A whopping 41% of millennials would leave their lovers for a promotion and raise, a new study suggests
More money, more relationship problems.
A new study found that many millennials would break up with their significant others if it meant they’d get a promotion at work and a substantial raise.
Financial services company Comet surveyed around 400 employed millennials between the ages of 20 and 36 who were single and childless — and a whopping 41% admitted they would end a relationship for a promotion and raise.
And most aren’t looking for just a title promotion, but rather a salary boost instead. A $37,000 raise would be enough to convince 37% of millennials to leave their lovers. What’s more, the same demographic would be willing to put off getting romantically involved with a partner for more than a decade (11 years), in exchange for a major promotion.
That may have to do with the fact that millennials, despite being the largest generation in the workforce today, are wildly underpaid. They make 20% less than baby boomers’ did at the same age, according to Forbes. And the average millennial’s salary is about $35,592 per year.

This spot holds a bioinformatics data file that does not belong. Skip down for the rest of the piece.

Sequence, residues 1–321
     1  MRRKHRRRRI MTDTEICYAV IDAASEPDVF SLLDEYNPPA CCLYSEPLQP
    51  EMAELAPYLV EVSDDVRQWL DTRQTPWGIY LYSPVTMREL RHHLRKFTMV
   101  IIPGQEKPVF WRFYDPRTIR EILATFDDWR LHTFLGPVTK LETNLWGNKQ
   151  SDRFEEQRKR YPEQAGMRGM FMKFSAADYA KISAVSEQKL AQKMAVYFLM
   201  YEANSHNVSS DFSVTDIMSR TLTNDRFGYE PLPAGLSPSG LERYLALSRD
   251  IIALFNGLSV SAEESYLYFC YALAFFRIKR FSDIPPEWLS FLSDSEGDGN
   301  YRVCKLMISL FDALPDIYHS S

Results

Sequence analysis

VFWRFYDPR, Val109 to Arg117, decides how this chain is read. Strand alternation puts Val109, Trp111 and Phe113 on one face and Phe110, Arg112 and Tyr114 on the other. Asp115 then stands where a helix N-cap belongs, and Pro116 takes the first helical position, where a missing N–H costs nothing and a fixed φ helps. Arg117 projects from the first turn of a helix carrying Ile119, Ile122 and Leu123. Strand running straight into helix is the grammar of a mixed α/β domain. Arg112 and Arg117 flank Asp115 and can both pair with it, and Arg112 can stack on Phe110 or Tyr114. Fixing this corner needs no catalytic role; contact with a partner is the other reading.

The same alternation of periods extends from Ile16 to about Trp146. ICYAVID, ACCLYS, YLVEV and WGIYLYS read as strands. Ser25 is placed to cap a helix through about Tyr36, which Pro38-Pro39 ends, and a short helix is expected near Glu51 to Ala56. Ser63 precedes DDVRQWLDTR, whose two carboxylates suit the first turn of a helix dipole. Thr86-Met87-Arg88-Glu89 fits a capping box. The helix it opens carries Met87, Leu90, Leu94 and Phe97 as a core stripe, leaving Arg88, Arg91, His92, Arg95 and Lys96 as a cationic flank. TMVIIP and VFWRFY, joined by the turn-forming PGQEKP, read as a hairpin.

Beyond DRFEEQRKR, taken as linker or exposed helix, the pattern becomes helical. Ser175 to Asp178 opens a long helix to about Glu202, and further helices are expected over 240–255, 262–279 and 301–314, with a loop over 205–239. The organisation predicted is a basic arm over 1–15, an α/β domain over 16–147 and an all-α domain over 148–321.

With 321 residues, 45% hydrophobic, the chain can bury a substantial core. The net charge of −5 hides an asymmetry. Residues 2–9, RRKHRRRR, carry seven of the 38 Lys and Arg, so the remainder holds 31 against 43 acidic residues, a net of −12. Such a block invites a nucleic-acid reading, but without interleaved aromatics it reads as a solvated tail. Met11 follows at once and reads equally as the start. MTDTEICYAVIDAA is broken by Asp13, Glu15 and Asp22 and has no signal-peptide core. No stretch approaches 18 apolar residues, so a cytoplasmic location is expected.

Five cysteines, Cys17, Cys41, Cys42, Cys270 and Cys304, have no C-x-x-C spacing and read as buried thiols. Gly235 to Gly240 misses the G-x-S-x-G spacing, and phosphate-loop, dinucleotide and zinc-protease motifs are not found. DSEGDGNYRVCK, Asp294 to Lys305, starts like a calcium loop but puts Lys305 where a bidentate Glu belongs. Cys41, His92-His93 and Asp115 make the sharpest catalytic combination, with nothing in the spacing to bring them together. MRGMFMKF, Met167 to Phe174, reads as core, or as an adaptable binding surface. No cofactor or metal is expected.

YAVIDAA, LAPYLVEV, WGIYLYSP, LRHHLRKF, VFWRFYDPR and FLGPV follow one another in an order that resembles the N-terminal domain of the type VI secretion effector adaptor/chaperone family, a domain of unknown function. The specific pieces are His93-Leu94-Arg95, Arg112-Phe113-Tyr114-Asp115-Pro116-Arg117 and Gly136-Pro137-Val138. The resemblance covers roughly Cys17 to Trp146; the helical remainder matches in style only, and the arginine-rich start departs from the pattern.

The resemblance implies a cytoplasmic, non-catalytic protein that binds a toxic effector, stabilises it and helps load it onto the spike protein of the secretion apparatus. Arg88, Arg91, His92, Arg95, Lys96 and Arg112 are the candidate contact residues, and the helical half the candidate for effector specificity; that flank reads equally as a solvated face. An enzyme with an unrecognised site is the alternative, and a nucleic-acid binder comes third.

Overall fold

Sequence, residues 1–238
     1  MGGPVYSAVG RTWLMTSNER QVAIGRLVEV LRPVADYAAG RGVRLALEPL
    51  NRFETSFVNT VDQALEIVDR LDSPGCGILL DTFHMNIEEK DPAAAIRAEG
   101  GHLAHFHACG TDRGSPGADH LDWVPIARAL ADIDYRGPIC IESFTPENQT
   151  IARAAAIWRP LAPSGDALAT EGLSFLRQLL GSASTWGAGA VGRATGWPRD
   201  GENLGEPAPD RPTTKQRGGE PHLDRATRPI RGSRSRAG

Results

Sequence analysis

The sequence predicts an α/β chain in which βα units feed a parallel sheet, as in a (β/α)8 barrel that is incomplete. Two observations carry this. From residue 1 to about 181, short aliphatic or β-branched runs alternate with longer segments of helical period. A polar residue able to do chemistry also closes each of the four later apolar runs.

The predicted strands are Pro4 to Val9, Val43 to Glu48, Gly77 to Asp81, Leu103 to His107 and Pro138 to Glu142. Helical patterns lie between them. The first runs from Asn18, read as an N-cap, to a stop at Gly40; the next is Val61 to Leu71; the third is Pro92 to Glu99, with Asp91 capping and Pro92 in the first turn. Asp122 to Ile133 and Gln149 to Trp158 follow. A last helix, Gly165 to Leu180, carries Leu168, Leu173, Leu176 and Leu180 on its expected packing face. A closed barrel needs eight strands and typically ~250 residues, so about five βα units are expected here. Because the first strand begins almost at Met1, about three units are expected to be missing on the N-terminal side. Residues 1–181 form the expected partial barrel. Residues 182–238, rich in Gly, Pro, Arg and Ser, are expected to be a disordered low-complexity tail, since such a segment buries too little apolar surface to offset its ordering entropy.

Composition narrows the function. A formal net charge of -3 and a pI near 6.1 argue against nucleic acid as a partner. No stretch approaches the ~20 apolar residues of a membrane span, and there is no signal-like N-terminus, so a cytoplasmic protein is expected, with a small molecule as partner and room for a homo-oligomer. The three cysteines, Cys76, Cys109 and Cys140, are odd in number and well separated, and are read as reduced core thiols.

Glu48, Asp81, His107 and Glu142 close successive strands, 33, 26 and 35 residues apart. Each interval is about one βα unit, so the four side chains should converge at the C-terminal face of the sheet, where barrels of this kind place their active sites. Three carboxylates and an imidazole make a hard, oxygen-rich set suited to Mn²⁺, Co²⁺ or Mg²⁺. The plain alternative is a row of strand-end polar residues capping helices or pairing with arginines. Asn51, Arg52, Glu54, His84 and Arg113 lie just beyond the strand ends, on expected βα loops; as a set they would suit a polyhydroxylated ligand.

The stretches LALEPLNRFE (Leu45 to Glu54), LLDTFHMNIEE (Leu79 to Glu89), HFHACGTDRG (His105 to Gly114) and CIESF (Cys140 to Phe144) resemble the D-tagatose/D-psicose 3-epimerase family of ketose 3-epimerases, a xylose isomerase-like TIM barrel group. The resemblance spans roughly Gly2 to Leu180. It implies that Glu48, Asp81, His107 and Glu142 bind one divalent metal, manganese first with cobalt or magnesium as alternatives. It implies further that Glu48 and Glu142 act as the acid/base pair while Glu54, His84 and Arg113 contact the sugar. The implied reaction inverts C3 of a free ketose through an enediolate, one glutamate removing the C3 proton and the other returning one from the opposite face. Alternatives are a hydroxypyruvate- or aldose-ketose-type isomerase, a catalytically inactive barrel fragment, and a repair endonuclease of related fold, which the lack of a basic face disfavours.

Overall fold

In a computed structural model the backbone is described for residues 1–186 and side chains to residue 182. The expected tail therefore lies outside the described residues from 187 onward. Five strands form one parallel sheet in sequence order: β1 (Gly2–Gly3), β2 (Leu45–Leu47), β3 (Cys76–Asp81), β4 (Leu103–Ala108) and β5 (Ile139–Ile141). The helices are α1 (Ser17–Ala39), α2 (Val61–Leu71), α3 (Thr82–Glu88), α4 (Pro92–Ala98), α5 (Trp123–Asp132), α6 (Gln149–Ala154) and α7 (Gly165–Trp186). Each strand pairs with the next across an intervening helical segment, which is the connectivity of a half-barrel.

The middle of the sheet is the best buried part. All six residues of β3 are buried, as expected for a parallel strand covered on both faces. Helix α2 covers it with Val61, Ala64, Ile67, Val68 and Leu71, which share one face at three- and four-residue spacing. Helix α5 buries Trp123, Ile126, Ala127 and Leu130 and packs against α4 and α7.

So it may not be the biggest surprise that some would compromise this part of the personal life for career goals — especially considering it takes around $75,000 a year for a person to be their happiest, according to a study by Princeton University.
The Comet study also found that 32% of people already in a relationship would delay marriage for seven years if it meant getting a raise of at least $64,000; and the same percentage of people who are married said they’d wait eight years to have kids if it meant they’d get $67,000 more.
On a brighter note, millennials seem to be understanding and supportive about their partner’s careers. About 86% agreed that they would be willing to move to another city if their partner was offered a job there, so in some cases, perhaps a career change doesn’t always have to mean the end of a relationship.
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